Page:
Egg freezing is becoming more common among women who have concerns about their future fertility. Many women prefer to 'play it safe' and freeze their eggs while they are younger just in case they encounter fertility issues down the road. In order to determine whether women should or should not consider freezing their eggs at a young age, the ovarian reserve test was developed. This is a test can be administered to women when deciding whether they should freeze their eggs or whether they still have time to have a baby down the road. However, as great as it can be to know this information when making important life decisions, the ambiguity of the tests may mislead women--causing some to feel pressured to freeze their eggs too early or miss their window to conceive naturally--and there are also issues with the tests reliability.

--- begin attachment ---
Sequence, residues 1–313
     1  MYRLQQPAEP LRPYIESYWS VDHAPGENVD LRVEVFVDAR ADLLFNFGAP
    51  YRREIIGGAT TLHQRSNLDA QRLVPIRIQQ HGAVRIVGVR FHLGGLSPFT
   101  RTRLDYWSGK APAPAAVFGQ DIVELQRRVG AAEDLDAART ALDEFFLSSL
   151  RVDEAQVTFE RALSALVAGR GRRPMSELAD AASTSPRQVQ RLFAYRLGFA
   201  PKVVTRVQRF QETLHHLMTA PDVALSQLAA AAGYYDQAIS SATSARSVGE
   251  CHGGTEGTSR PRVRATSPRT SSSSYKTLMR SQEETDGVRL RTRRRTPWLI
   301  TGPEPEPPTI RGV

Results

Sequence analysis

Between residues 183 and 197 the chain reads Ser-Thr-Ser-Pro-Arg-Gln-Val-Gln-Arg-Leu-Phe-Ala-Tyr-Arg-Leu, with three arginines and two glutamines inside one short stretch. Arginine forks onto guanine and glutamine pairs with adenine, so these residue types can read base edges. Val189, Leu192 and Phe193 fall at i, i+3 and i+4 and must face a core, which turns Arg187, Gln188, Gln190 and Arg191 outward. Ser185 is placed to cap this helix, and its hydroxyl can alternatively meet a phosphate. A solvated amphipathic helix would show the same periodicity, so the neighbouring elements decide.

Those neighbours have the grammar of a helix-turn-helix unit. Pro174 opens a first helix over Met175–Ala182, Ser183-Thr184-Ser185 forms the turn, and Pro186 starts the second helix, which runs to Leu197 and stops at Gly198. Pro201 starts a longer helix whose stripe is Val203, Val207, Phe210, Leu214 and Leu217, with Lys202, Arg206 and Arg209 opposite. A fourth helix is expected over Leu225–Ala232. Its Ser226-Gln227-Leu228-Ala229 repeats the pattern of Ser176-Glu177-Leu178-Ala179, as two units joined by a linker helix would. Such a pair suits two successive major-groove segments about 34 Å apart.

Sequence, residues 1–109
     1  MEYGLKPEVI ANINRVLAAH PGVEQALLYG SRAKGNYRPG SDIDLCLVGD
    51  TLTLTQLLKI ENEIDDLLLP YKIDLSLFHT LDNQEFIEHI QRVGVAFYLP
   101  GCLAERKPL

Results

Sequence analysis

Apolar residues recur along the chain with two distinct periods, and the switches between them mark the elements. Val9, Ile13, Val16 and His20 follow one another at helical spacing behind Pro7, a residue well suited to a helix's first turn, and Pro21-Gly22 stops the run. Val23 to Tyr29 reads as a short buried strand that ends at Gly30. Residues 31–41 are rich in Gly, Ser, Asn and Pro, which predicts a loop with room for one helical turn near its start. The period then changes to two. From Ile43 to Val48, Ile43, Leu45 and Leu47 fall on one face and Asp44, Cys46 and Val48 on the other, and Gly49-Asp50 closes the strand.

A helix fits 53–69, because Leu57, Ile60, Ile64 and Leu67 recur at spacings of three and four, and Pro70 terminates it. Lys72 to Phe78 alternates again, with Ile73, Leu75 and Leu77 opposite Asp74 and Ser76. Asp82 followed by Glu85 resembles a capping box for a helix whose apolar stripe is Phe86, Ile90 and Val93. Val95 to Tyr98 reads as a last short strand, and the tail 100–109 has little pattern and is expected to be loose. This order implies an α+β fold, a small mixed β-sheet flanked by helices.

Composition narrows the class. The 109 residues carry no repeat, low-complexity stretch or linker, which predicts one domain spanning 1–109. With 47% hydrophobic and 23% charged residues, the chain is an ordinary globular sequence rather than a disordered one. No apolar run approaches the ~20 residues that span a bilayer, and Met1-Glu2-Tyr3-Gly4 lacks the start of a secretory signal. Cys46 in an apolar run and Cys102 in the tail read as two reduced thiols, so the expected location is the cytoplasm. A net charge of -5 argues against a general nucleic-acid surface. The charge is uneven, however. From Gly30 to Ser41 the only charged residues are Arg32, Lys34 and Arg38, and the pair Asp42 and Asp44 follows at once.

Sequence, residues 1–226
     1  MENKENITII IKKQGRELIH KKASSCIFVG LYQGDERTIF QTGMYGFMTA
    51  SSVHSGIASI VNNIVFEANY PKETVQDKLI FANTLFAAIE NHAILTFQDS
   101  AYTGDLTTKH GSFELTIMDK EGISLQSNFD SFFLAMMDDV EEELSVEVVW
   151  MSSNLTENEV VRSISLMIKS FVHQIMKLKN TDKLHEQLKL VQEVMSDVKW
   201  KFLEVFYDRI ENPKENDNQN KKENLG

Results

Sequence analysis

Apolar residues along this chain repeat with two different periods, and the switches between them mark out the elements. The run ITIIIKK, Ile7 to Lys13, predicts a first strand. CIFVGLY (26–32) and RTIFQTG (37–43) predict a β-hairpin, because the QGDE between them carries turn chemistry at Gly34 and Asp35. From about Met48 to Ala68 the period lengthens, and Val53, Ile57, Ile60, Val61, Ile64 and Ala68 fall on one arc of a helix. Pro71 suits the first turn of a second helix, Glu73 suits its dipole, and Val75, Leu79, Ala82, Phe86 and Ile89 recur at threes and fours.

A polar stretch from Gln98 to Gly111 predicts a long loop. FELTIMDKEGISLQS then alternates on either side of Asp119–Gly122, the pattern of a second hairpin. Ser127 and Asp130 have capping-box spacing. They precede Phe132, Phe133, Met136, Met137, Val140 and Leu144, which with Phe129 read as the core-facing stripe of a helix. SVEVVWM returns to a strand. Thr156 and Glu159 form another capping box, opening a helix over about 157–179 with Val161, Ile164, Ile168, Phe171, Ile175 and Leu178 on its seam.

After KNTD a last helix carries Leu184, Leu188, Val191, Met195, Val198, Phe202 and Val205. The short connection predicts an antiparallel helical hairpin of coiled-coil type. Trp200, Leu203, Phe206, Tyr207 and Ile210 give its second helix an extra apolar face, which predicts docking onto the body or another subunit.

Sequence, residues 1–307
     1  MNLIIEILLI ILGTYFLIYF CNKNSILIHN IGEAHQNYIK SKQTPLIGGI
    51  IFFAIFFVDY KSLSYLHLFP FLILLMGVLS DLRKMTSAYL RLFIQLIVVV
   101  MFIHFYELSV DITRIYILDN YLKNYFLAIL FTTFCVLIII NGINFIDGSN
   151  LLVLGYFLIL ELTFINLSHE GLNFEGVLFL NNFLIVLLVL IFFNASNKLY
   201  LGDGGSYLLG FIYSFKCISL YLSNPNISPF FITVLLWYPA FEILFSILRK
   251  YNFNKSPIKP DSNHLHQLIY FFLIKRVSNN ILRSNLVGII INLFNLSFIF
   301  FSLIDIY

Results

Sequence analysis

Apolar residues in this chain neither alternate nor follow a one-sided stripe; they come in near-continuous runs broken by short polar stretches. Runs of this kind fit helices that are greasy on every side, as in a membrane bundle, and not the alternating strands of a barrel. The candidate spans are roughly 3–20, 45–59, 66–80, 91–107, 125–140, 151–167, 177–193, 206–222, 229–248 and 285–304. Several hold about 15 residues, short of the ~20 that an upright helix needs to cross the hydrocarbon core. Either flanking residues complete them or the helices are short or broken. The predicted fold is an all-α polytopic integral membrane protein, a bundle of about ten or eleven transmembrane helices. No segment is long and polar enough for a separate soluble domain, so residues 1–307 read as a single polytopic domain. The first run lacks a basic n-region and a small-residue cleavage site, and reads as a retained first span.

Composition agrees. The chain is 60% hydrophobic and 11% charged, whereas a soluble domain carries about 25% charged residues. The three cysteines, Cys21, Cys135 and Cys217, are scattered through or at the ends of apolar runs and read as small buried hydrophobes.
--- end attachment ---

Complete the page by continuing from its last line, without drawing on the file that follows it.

Women are born with all of the eggs they will ever have--roughly 1-2 million--and this egg supply depletes over time until menopause, when a woman's eggs are gone. As the quantity of eggs diminishes, the quality also deteriorates--two factors that can impact fertility. The ovarian reserve test was not developed with egg freezing in mind. Rather, the test was initially conceived to measure egg supply in women who were struggling to get pregnant. Women who still had many eggs left, for instance, could respond well to ovarian stimulation and in vitro fertilization to achieve an embryo. The issue is that the test relies on analyzing levels of anti-Mullerian hormone (AMH) in women to discern if a woman's ovaries would respond well to drugs--and AMH levels can have drastic ranges from woman to woman. This means the results of this test can be incredibly difficult to analyze when there is such a wide variance of AMH levels among women of the same age. Due to the high variance of this test, it is not recommended yet for routine gynecologic exams.